Developing a federated model of General Practice: Feedback is a gift
"Making a decision usually means taking one of two roads. One is doing the right thing. To take the other road, you have to sit back and spin a story around the decision or action you are taking. If you find yourself thinking up an elaborate justification for what you are doing, you are not doing the right thing."
Wayne Sales former Chief Executive Officer of Canadian Tire Corp Ltd.
On leaving my hotel this morning I was asked if everything had been okay and was there anything I would change? What a fantastic question - I only wish it was applied day to day in life and people really worked to deliver the changes they are tasked with delivering.
This set me thinking about the federations we support and work with, and I recalled that every day in life people are presented with the opportunity to provide feedback, and yet in the vast majority of cases they avoid doing that. Whether people receive good or poor service they invariably avoid the challenge of giving feedback, more so when the feedback is going to be negative.
I see many occasions when rather than give direct feedback people develop convoluted ways to avoid doing that, and end up in a worse situation or position than they ever would have found themselves had they simply given feedback.
This should not and indeed does not need to be the case. Feedback is one way to let people know how they are doing with the task they have been set, and of course any impact (positive or negative) they are having on you. Feedback provides an opportunity for people to learn, an opportunity to change for the better and an opportunity to develop.
Keep in mind that perception is your own reality. While this doesn't mean you are right or wrong, until something comes along to change your perception it will remain as your reality.
There are two sides to feedback - giving it, and receiving it, and for some neither one is easier than the other. For me the key is that individually people work to develop the skills required to give and receive feedback, without it being viewed as an opportunity to give or receive criticism.
If you stop for a second and consider, nobody objects to positive feedback; however, hearing nothing but praise isn't going to help people develop further. The key is therefore developing skills around giving and receiving feedback when you are imparting information that will allow people to learn, develop and change. Better still, develop your own desire to receive feedback, seek out the feedback and then act upon what you hear, both good and not so good feedback. Allow yourself the opportunity to grow and become even more effective in what you are doing.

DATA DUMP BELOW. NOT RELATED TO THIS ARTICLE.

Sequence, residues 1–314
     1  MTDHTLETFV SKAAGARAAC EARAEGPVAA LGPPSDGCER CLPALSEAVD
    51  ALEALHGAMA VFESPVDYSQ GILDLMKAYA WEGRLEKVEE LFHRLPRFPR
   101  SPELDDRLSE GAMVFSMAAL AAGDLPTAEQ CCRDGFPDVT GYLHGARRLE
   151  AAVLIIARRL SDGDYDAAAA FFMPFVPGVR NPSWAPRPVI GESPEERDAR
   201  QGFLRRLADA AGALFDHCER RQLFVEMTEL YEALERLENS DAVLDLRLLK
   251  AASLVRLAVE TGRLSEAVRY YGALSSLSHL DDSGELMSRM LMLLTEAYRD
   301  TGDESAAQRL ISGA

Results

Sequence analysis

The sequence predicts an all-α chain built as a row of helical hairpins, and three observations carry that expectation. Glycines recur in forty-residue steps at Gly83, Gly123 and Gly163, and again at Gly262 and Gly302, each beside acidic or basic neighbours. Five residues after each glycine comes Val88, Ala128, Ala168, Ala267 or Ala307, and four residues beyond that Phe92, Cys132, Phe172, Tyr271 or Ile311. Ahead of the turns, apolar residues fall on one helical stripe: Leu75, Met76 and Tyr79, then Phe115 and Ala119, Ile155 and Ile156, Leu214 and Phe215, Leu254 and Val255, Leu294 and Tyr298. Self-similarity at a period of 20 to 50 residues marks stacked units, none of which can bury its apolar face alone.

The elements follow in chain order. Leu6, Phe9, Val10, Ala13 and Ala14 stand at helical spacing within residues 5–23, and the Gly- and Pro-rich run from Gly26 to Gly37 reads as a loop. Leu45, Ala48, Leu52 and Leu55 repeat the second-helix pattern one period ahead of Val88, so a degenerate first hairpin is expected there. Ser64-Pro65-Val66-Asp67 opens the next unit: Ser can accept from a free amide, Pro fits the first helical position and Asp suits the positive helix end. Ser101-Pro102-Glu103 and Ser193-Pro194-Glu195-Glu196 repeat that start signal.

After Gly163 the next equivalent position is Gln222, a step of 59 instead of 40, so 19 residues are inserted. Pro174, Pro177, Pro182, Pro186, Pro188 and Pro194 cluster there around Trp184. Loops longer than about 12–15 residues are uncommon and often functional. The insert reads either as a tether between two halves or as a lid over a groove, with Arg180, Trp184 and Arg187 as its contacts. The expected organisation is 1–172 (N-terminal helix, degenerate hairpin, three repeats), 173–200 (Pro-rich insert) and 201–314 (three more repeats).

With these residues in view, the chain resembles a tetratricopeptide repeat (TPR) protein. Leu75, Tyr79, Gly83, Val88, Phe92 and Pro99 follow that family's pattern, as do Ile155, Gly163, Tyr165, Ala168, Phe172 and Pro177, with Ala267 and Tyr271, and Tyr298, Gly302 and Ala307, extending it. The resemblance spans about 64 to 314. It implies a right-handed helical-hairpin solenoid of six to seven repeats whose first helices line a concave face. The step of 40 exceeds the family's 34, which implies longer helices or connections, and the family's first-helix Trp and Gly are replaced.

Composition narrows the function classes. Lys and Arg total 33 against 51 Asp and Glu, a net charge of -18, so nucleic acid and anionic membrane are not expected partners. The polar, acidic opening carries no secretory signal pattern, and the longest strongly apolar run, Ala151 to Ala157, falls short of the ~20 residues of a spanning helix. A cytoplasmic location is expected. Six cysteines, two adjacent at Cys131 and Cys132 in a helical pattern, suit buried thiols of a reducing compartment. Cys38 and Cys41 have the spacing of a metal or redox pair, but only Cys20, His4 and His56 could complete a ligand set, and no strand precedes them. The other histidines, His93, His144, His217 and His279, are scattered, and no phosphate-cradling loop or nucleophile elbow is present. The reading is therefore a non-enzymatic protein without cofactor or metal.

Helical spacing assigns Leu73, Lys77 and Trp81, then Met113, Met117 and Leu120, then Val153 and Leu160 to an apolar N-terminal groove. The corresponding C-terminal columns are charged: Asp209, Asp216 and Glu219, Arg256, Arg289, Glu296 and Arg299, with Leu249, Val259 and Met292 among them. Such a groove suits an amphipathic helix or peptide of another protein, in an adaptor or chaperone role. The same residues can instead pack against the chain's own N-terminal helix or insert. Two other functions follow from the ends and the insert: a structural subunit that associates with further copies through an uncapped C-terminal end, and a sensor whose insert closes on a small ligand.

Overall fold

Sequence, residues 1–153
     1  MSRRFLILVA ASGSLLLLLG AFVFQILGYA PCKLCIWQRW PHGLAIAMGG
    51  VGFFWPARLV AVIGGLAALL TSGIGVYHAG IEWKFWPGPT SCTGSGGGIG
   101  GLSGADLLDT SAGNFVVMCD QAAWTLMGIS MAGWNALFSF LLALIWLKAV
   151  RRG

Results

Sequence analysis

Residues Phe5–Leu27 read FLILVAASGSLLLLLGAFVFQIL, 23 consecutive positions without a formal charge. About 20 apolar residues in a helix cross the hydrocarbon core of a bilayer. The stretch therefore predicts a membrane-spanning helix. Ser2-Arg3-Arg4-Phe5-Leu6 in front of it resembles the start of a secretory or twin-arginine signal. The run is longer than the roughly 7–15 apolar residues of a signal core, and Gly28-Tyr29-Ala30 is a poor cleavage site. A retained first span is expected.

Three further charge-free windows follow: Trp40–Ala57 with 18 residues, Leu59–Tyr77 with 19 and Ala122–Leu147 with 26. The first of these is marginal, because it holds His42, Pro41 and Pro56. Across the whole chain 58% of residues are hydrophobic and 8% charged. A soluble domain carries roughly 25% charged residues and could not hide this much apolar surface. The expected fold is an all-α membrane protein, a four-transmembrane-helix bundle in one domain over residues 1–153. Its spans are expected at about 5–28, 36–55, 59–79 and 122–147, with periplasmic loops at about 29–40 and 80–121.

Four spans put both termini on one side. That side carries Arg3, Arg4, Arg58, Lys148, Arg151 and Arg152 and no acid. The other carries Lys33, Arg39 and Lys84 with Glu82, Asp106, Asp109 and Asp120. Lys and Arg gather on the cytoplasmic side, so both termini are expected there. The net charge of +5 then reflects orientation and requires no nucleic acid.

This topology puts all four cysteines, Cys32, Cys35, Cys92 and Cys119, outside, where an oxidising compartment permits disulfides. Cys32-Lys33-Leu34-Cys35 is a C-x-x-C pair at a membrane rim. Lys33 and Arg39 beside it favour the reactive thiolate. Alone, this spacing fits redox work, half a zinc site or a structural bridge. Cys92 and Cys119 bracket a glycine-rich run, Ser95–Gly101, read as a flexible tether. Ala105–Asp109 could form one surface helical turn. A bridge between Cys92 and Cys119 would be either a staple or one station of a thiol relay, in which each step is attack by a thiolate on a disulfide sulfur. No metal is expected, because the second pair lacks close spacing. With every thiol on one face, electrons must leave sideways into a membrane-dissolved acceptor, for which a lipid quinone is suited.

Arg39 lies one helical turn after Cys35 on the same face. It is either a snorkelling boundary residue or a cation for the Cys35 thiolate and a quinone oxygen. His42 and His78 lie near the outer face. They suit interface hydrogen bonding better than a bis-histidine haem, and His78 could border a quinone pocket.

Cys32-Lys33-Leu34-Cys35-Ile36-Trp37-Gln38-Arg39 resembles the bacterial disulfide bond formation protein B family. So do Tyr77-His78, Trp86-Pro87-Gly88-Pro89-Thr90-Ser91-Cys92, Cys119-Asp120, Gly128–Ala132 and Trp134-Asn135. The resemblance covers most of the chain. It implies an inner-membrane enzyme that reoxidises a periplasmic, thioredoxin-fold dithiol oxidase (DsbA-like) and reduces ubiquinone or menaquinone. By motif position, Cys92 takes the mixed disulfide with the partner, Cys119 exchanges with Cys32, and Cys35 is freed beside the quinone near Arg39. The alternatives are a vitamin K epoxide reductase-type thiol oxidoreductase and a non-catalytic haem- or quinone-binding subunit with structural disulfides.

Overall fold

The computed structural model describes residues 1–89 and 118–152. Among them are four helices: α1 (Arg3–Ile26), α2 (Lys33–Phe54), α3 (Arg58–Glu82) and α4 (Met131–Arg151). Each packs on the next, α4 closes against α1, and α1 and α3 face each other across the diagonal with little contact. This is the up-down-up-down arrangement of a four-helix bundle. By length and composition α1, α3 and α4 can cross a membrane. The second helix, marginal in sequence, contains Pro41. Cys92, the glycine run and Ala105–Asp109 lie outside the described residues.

As your federation develops and starts to deliver services, would you be prepared to ask of each patient you provided a service to - has everything been as you expected and is there anything you would have us change?
The key of course is if you are not prepared to act on their feedback there is no point in asking the question. While some people will raise issues you cannot change (where you should provide feedback to that effect), some will come up with ideas you could implement, possibly further enhancing patient outcomes and experience.
This is not rocket science; however, it is easily implemented and will provide an excellent platform from which a new federation can build a very different way of working, where feedback is viewed as a gift and then acted upon - which is all anyone who provides feedback is hoping for.
Next time we will explore the board role in communicating with Member Practices to keep them fully engaged with the board, and of course providing feedback to you.
For more information on how BW Medical Accountants can support you in forming a federation, or to arrange to speak to one of our experts please contact email@example.com or call 0191 653 1022.
Additionally, if you should have questions for us, please email firstname.lastname@example.org and we will do our best to answer these within the blog.